So not all of your clients count as end-of-life patients?

Many clients are people that carry a lot of death anxiety. There was one client who I met with maybe for two years. His mom had died and his death anxiety was through the roof after she died. And so once a week for almost two years, he would sit and talk about where death anxiety popped up in his life that week, and we’d work through it. I’d offer tips and tricks and we’d do exercises. There was one young woman, she was 22 years old and her parents were in their 50s. But she just thought that it’d be wise to do end-of-life planning and I thought, oh, cool. Let’s do it.

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There is a trend in our culture to fetishize the “birth story” but people back off from discussing death, let alone the “death story”.

We want to pretend that it’s not happening. And yet it’s happening every day, all around us. Not only in nature, but there’s probably somebody a few doors down from your home who knows somebody who’s in the process of dying. And we don’t have any skills to talk about our experience. We don’t make space for grief.

But I feel like it’s starting to shift. For example, this television series, Limitless, with Chris Hemsworth. In one of the episodes he explores the limits of his physical body. Even though the previous episodes were all about how he could live longer and better, a whole one is thinking about death.

Our world is lousy with biohackers trying to stave off death.

We can’t escape it. That’s kind of the point. People work so hard to create all these workarounds and try to deny it in some capacity. But by denying it, they’re making it more real. Like, why not just spend the time talking about your fears of death?

In your book you don’t hold back about your battle with depression. How does that inform your work?

Well, for starters, my life prior to death care was just kind of a hot mess. There was no direction, no purpose, but there was plenty of adventure. I was the lawyer working at Legal Aid and who was broke, saddled in debt. Prior to death care, I was always seeking something – you know, something that made me feel alive. I sought out big adventures, traveled to faraway places, ate different foods. I used to go to Burning Man but I haven’t been recently. I think that part of me has always been seeking peak experiences in life. That part of me lends itself really, really easily to death care because a big part of my relationship to death is grounding myself in this body of this life for now, and filling it up as much as I can.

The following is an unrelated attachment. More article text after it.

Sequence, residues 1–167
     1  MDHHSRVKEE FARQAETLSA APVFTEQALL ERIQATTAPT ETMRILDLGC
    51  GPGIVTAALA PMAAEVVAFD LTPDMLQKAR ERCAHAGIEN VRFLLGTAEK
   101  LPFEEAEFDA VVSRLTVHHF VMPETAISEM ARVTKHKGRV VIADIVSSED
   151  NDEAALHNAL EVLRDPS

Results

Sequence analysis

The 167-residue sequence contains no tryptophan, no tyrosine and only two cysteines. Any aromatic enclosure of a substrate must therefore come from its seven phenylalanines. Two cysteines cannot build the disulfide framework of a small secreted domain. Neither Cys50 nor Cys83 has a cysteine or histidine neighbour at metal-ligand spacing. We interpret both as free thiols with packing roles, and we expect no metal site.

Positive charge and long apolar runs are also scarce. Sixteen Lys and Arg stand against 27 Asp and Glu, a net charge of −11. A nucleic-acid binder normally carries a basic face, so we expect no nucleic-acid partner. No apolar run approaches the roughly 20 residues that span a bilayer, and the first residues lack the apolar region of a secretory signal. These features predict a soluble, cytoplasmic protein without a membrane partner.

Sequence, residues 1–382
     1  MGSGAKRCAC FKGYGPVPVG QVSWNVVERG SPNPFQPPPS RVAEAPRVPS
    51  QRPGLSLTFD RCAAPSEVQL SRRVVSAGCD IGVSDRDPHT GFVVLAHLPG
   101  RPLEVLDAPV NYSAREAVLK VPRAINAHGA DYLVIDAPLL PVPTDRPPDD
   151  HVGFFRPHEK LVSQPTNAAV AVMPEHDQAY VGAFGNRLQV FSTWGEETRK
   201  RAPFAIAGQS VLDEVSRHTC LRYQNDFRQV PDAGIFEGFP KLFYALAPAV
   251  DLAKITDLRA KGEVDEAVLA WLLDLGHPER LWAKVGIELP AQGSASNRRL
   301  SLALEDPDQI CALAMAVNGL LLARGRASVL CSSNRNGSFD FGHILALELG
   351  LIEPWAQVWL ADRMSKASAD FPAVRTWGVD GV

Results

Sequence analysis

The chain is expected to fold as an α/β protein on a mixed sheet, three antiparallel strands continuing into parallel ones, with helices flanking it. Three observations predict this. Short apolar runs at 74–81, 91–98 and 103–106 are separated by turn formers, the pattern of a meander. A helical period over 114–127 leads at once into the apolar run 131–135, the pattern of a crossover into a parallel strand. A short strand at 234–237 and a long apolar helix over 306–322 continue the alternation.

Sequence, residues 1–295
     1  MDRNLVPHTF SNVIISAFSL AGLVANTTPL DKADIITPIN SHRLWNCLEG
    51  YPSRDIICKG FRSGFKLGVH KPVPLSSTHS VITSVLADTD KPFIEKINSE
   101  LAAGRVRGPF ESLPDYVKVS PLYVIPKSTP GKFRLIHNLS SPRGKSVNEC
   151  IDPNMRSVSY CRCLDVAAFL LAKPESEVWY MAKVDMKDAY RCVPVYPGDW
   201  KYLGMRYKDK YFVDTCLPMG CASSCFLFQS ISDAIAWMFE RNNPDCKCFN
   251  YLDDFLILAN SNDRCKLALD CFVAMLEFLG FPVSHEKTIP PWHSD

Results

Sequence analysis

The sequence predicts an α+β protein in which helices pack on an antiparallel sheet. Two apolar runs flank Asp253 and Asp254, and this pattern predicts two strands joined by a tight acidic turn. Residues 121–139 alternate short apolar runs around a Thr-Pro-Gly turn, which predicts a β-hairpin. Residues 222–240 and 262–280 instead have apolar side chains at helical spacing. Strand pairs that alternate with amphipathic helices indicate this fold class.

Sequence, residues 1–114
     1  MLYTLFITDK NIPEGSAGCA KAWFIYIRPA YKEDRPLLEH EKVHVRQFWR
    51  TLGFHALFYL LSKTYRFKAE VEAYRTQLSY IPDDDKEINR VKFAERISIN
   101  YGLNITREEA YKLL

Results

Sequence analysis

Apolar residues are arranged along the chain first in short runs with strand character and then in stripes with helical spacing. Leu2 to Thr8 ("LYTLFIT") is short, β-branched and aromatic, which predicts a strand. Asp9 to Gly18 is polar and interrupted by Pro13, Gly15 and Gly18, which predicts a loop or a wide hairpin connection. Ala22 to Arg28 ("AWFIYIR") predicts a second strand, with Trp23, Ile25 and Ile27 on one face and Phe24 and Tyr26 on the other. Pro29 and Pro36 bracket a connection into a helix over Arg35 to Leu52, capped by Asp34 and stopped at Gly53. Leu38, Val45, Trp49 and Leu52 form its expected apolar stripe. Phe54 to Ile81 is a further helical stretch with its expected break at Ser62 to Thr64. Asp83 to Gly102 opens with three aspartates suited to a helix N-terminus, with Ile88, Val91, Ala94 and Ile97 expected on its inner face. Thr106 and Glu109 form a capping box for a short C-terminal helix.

What’s the number one question people ask you when they’re dying?

They always ask what the meaning of it all is. And I don’t know! I know that maybe the locs and the dark skin and the jewelry make people think that I’m talking to other beings all the time, that I’m mystical. But I don’t know anything.

Two of my friends recently lost their parents and I’ve been struggling with writing letters to them. Do you have any advice?

Sometimes the right thing to do is just to show up and say, like, “This is really, really hard but I don’t know what to say, but just know that I care about you. Just know that I know this happened. I don’t know what you’re experiencing. And this is uncomfortable, but I want you to know that I’m here and I care about you.” And then you’ll probably get a thank-you, and if they want to talk about the person they lost, they will, and if they want to talk about the Kardashians, they will.

How does your current work influence the way you live now?

I think I give myself a lot more grace for the mistakes I make and my sadness and my fear and my doubt, and the extra pounds that I’m carrying. I give myself a lot more freedom to enjoy food. Whereas before, I was so concerned with being skinny and exercising, and now I’m like, fuck it, like I’m so grateful for this body that carries me around Earth. Plus, I love chocolate cake.